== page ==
A man who lost his eye after being shot on a duck hunting trip by a fellow hunter says he feels let down by the system.
Today a charge of reckless use of a firearm causing injury against the man, who has interim name suppression, was dropped.
Jim Morton told 1 NEWS today that the past year has been tough for him and his wife Jenny.
He has a glass eye and the pellet from the bullet is lodged just millimeters from his brain.
He has been unable to work for 11 months and struggles with balance.
He recently broke his ankle after falling over.
"The number of operations I've had, I've had a lot of work… co-ordination, lots of physio, lots of eye specialists."
The Crown told the court it was given an expert report that was reviewed by ERS, and that it didn't meet evidence threshholds for prosecution to continue.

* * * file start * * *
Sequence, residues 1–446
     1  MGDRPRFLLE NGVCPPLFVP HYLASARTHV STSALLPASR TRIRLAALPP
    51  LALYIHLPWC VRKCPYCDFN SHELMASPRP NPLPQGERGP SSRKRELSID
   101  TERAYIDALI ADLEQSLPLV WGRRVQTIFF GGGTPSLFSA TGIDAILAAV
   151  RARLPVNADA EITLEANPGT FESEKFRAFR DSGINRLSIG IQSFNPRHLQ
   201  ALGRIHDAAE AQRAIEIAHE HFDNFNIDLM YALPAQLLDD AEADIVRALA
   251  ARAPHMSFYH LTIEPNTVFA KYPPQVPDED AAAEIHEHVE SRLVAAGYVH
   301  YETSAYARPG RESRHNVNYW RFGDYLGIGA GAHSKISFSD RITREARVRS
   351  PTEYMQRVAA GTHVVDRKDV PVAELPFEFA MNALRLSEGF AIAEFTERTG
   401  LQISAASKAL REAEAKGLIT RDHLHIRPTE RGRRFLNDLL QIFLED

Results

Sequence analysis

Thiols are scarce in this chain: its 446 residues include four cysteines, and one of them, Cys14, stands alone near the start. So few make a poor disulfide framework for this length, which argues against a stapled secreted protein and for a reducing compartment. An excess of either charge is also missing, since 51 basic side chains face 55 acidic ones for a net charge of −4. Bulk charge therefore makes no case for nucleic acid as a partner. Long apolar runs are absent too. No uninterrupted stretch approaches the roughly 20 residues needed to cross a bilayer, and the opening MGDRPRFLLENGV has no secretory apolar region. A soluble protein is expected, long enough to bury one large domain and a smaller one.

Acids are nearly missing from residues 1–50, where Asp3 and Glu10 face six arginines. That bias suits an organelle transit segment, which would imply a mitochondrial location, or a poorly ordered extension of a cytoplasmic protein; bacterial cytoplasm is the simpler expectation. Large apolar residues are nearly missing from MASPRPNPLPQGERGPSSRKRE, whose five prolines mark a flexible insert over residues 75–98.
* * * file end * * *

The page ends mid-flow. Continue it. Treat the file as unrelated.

But Mr Morton thinks the reason charges were dropped comes down to funding.
1 NEWS has obtained a recording of a meeting between Jim Morton and police prosecutor Ben Vanderkolk.
Mr Vanderkolk said in the recording that there is no money in the police budget to retain an expert, stating police have a limited budget and much of the ESR budget has been used on homicides in the central region.
But he today distanced himself from those comments and told 1 NEWS it came down to evidence.
"I think it would be irresponsible to take it to jury trial when you don't have evidence there is no public interest in having a trial just because we want to."
In a written statement Detective Inspector Ross McKay said:
"In respect of the case before the court, Police can say that the decisions made were based on evidential sufficiency.
"An expert was not requested or declined. The defence submission was reviewed by a leading ballistics expert and it was decided that the findings could not be refuted.
"Central District has a forensic budget, which is sufficiently adequate to service all of its forensic and investigative needs."